On July 4, 2014, President Obama spoke to a crowd of soon-to-be American citizens and delivered what has become an old adage in United States political rhetoric: “America is and always has been a nation of immigrants.” For many people, that statement rings true: Spaniards, Frenchmen and Englishmen sailing across the Atlantic Ocean in search of new land and new resources, among other motivations. This is what we read about in our American History textbooks. For others, the president’s words ring hollow: Lives are risked sneaking into the U.S. in search of a better future, families are hidden and paperwork is forged. These are the stories we watch on the news.
Immigration reform is one of the hot-button issues for the upcoming election — after all, who can forget “the Donald” demanding that the Mexican government pay for a wall? Reform has been a legislative item as of late, with Senate legislation in 2013 introduced by the Gang of Eight and executive action taken by President Obama in November 2014. But proposals take many different forms, ranging from fence building to amnesty granting.
Most components of immigration reform fall under two broad categories: border security and citizenship. Relevant border security concerns — Department of Homeland Security funding, building a wall to keep criminal activity out and so on — are frequently paired with explosive rhetoric. (Check out Trump’s announcement speech or any Daily Show segment thereafter for reference.) Currently, Border Patrol has doubled the number of agents since 2001, with approximately 19,800 in service. Increases in staffing and funding accompany screenings of shipping containers and about 651 miles of fencing.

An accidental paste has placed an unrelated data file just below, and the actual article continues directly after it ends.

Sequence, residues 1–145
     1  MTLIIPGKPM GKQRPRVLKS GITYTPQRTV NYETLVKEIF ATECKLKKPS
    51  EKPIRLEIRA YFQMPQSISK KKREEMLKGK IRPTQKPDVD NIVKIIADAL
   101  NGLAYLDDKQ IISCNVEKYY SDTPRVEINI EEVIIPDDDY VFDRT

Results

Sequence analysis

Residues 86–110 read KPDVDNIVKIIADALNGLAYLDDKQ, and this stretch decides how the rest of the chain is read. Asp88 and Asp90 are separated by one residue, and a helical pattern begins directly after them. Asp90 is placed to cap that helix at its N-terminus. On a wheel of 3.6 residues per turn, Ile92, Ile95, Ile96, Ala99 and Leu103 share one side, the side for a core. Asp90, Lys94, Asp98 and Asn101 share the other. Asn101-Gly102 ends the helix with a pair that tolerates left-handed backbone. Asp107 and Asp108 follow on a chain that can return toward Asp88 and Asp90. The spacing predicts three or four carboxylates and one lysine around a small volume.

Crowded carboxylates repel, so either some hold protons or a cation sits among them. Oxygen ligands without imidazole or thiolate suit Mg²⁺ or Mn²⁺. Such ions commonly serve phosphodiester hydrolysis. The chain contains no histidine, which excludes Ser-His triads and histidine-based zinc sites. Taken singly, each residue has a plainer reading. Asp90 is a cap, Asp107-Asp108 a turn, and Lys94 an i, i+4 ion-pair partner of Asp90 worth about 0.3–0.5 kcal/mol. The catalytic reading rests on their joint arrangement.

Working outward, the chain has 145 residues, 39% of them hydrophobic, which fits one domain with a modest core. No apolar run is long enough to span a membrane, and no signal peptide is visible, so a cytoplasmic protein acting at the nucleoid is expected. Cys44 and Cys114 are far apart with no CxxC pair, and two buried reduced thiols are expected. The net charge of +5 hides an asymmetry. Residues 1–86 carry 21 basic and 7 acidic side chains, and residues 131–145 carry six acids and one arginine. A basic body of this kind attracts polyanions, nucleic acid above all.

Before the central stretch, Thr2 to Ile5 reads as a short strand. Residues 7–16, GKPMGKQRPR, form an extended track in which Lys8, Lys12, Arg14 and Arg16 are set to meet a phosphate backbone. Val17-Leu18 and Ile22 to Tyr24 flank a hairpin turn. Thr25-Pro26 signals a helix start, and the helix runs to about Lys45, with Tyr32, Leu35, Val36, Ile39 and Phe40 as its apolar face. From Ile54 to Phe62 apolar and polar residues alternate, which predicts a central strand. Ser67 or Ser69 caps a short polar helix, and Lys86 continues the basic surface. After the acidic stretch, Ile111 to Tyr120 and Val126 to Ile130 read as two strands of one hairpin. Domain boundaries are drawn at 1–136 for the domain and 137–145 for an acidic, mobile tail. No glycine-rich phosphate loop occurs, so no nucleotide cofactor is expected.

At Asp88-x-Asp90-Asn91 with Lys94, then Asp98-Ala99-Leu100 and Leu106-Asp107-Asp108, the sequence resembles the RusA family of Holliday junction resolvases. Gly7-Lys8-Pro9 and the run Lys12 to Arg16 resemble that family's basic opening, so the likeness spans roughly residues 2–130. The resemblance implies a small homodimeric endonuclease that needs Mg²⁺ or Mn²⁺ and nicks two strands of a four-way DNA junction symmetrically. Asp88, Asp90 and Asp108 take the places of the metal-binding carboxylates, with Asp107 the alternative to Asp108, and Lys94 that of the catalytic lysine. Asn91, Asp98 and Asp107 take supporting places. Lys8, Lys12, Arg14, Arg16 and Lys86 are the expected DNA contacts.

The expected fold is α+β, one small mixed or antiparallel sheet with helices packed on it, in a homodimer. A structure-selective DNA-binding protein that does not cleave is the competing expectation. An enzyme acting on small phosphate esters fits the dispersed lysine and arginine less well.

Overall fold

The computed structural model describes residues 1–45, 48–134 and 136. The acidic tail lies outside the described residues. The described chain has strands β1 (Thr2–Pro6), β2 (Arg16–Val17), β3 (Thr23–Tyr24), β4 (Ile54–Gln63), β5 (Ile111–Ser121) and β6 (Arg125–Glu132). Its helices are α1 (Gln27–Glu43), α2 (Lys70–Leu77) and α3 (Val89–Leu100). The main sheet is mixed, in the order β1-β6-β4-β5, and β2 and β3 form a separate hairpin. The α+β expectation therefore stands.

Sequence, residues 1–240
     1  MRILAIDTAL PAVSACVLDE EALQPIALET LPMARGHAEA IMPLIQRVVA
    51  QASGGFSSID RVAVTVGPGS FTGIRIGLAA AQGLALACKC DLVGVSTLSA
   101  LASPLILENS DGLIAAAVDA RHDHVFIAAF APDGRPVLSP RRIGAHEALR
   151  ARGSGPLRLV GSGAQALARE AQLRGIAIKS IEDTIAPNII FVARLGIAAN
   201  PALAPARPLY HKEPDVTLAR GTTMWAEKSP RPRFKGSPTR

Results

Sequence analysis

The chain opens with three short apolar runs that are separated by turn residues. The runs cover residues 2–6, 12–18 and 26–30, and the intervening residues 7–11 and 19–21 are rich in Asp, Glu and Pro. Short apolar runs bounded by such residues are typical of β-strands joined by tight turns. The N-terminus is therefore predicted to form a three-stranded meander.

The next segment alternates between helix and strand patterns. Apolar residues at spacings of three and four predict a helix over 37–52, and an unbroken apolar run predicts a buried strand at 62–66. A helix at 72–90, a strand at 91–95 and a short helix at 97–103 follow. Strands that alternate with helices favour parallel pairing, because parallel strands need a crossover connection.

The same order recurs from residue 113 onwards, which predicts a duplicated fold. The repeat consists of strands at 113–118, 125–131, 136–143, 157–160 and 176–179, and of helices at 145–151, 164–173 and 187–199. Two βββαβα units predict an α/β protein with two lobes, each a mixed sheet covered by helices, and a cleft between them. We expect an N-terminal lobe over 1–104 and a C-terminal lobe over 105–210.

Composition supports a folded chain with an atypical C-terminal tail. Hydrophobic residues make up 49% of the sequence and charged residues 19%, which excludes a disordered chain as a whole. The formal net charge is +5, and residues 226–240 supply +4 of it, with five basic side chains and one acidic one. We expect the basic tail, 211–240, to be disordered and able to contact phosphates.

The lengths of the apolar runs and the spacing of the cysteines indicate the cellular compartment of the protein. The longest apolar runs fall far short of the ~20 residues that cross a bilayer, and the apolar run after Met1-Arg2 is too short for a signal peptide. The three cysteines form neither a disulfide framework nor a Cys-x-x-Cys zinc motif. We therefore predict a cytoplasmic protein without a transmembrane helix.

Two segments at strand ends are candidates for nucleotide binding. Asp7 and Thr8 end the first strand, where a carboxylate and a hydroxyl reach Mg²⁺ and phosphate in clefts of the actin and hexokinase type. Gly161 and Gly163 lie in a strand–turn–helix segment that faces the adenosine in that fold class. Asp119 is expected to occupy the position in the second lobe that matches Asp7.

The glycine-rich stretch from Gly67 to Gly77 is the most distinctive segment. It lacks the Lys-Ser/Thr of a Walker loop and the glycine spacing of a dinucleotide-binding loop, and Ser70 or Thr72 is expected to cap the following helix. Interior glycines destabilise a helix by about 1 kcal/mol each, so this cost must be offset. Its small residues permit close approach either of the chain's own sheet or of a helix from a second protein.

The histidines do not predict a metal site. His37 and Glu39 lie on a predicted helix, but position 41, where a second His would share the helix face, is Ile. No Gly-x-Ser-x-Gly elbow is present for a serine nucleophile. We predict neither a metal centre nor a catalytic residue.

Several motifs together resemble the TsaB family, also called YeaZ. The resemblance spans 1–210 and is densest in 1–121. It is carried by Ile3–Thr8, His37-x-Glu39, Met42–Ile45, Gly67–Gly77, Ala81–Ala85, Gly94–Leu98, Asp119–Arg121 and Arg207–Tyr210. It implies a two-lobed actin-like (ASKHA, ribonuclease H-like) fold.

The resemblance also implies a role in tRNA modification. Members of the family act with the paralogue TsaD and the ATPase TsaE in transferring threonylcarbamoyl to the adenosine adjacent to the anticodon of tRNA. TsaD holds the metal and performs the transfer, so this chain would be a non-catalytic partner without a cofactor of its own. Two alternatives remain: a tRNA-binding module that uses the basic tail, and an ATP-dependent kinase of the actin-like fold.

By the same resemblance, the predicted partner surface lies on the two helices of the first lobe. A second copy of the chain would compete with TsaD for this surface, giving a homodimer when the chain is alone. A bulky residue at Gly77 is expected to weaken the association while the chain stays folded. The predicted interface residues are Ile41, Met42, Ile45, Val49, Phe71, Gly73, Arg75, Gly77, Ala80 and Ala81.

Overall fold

The other focus of reform efforts, citizenship, attempts to grapple with the complex problem of what to do once immigrants arrive in the U.S. illegally. Proposals range from granting blanket amnesty (no questions asked citizenship) to deportation. Most debates in the past have looked at creating a Pathway to Citizenship (P2C) — a procedure for illegal immigrants in good standing to become citizens — and visa programs.
According to the Center for American Progress, about 1.9 million people were in America in 2012 on temporary visas. However, problems exist with current programs: caps on the number of available H1-B visas are too low to allow all qualified applicants in, data that informs visa decisions are woefully outdated and deportation mechanisms for when visas expire are inconsistently utilized.
We are in the midst of an election cycle, and I’d be remiss if I didn’t talk about at least some of the candidates’ positions. Donald Trump is currently lighting up media ratings with his ideas on immigration. Besides building a wall, Trump has taken issue with the section of the 14th Amendment that establishes birthright citizenship. Hillary Clinton is an advocate of a new Pathway to Citizenship and has expressed interest in providing deportation relief. Bernie Sanders has promised to create a P2C, downscale border fence efforts, sign the DREAM Act and rework trade agreements like NAFTA and CAFTA. Jeb Bush, the ex-Florida governor, supports a more conservative and rigorous pathway, but only when coupled with expanded border security programs.
Between all of these alternate views and proposals, we should see some exciting intra-party dialogue over the upcoming primary debates. Trump and Clinton have both criticized Bush, which has caused him to fire back with a more negative campaign. Sanders, as a son of an immigrant parent, feels strongly about the issue, as do Marco Rubio and Ted Cruz. Cruz, who was born in Calgary, Canada, could face “birther” criticism if he begins to poll better. Rubio is a first generation American whose parents emigrated from Cuba in the 1950s and a Senator in the heavily immigrant-populated Florida.
Who’s right? Well, that’s for you all to decide. As for whether America actually is a “nation of immigrants,” it seems apparent that immigration, citizenship and the debate over “what’s American” is here to stay.
Robert Danco is a sophomore in the School of Foreign Service. Investigative Politics appears every other Wednesday on thehoya.com.
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